My point here is to try to push yourself to do the easier (though still tough) work of keeping your body and voice in shape now so that you don’t hurt yourself when you need to get your act together later on.  A healthy body = a healthy voice.  They go hand in hand.  It’s the blessing and curse of being living vessels of our instruments as vocalists.

It’s Okay to Make Goals, But Be Realistic

When I first started writing this post, I began my draft with a list of specific goals to get motivated that included your typical healthy goals like: “No carbs, PERIOD.” “Get in four days of exercise every week, NO EXCUSES.” “Meal prep at the beginning of the week, EVERY WEEK.”

As I wrote, my goals felt less like simple challenges to tackle, and more like chores to check off the list.  I was disgusted with the idea following such a stringent plan.  With “no exceptions”-type rules.  With tracking every little morsel of food that went in my mouth.  I’ve been there and done that.  While it may be fun when first starting a regimen like this, following through with it day after day and week after week – to me – gets really old really fast.

The same goes for singing.  Yes, I can make a chart of when I will practice what repertoire.  I can write down exactly what warmups I will do on which days.  I can create clear and specific goals for each and every practice session from now through the end of the year.  And while certainly there is a time and place for planning, right now, while I’m still getting reenergized and re-motivated, I want to ENJOY music.  I want to savor the feeling of singing through a new piece for the first time; spend some quality time translating all of my foreign language pieces word-for-word instead of rushing through it haphazardly; relish the feeling of really getting my voice warmed up before a big practice session.  Those are the moments I love.

Motivation Breeds Motivation

Remember when I said that being sedentary breeds more of the same?  Well, the same is true for being motivated.  Motivation breeds more motivation as well!

I don’t usually think of myself as a creature of habit.  If things in my life are too much the same, I get bored and feel like I’m in a rut; however, I feel better when I work out and eat right and practice singing regularly.  And it keeps me from feeling anxious about needing to “catch up” later on.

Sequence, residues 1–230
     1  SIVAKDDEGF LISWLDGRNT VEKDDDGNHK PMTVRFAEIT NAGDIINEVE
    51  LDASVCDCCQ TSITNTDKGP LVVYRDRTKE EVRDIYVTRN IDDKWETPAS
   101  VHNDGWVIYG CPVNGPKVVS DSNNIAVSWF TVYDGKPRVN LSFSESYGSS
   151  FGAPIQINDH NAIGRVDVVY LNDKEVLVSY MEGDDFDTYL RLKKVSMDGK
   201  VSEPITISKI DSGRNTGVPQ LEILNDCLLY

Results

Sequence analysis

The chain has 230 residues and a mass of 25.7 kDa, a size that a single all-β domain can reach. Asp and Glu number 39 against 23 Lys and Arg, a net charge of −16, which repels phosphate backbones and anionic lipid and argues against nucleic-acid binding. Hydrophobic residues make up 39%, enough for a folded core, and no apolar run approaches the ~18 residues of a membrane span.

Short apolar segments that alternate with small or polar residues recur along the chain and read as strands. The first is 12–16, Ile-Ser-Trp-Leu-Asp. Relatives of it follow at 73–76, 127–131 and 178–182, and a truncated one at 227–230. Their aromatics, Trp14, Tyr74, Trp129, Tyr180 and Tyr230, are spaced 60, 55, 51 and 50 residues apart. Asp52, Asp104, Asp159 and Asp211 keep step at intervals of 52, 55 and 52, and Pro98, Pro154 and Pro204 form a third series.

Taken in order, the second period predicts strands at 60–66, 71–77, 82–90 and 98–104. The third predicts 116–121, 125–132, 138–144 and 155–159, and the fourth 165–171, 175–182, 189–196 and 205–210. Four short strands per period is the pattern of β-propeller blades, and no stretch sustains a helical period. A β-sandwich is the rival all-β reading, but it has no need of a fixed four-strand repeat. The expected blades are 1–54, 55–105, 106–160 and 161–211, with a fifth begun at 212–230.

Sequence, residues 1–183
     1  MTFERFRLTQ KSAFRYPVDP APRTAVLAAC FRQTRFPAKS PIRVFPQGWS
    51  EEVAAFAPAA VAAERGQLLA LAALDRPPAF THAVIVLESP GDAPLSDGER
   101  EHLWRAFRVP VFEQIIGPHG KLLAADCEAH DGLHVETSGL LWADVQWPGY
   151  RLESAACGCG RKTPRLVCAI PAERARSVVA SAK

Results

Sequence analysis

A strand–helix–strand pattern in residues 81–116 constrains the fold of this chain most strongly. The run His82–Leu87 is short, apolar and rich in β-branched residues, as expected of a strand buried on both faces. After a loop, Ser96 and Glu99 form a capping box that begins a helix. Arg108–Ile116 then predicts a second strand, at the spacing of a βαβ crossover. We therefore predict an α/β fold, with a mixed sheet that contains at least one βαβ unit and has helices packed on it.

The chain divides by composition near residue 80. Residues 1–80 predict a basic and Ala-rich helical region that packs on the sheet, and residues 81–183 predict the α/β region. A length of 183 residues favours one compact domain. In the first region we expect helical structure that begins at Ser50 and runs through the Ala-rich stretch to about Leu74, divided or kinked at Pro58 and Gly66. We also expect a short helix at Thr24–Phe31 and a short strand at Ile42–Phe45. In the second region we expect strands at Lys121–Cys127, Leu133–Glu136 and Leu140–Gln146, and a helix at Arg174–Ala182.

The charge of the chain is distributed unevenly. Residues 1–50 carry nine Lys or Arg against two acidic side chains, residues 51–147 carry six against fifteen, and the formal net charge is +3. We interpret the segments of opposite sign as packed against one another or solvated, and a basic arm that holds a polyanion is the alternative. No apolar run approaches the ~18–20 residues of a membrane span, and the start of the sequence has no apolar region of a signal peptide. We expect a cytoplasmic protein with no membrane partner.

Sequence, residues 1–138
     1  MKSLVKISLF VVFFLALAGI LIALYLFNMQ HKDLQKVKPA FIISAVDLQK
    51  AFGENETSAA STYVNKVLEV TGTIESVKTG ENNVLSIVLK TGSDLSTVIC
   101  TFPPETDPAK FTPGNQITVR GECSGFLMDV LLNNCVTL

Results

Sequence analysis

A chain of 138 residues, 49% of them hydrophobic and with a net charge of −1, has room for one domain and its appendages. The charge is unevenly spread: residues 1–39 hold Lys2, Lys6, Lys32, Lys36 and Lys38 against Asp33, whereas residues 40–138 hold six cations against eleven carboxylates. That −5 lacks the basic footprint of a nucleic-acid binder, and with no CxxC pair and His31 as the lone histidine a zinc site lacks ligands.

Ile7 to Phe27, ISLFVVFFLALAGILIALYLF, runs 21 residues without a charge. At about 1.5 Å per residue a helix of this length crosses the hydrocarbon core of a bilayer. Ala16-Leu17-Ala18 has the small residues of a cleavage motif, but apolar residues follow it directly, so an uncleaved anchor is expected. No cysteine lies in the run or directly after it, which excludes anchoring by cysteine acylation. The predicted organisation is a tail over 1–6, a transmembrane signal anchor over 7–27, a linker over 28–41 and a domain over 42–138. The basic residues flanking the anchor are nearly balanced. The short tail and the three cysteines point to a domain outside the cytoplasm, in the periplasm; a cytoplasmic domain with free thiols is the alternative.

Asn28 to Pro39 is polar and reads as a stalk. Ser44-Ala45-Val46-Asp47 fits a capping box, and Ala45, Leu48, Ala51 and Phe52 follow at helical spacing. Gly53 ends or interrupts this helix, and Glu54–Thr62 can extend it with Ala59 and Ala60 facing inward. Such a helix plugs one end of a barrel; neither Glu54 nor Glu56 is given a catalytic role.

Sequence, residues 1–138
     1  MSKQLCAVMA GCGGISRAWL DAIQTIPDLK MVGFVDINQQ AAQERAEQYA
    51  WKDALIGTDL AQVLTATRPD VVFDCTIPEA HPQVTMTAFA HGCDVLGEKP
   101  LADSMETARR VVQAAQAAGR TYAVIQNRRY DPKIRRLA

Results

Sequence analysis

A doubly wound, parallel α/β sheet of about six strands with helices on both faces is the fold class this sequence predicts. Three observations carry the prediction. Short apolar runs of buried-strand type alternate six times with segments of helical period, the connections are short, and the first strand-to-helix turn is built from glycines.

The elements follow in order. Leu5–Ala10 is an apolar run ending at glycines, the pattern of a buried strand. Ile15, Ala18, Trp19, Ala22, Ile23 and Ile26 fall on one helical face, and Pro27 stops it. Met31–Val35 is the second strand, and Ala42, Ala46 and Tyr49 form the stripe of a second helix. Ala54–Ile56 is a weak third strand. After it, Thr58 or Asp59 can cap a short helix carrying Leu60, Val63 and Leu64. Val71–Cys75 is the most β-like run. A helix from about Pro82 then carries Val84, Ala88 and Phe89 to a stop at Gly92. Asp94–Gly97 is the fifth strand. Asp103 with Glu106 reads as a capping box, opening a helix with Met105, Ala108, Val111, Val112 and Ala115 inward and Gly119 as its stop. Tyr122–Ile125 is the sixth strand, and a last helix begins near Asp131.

So perhaps I do need a schedule of some sort to keep the motivation going. But obviously, I can’t it be too strict. So where’s the middle ground? For me, I think it lies in making some more general goals and agreeing that I won’t beat myself up if I don’t meet them 100% of the time.

“How do you do that?” You might ask. Here is what is working for me right now:

  1. Food. Per my personal trainer, I am currently using a chart for my meals. I simply put a checkmark in a box when I eat a healthy meal or when I work out. This way, I’m not bogged down with the details of tracking every little piece of food that goes into my mouth. What has been interesting, though, is that I find myself wanting more of those checkmarks the more I have.
  2. Fitness. My goal is still to work out four times a week, BUT, if I don’t make it to that goal, no big deal. I remember that anything is better than nothing, and remind myself that no one is judging the number of times I went to the gym this week.Similarly, the more I work out, the more I find myself wanting to do it. I can tell that my breathing is getting a little bit easier again, and my stamina is up from where it used to be after being sick. And I crave more of that instead of the sluggish feeling I had after being sick.
  3. Singing. Getting back into practicing voice was a little tough at first. Sometimes I find it difficult to be motivated when a performance isn’t right around the corner. So I’m trying to keep the end goals in sight and remember the same things as I have with fitness: it’s a lot easier to do the work now than later. Not only that, but it’s easy to forget that this is something I really love and want to make a full time profession out of one day. It may not always be easy, or even enjoyable, but overall, performing is what I’d rather be doing than anything else. And the only way to perform well is to practice well.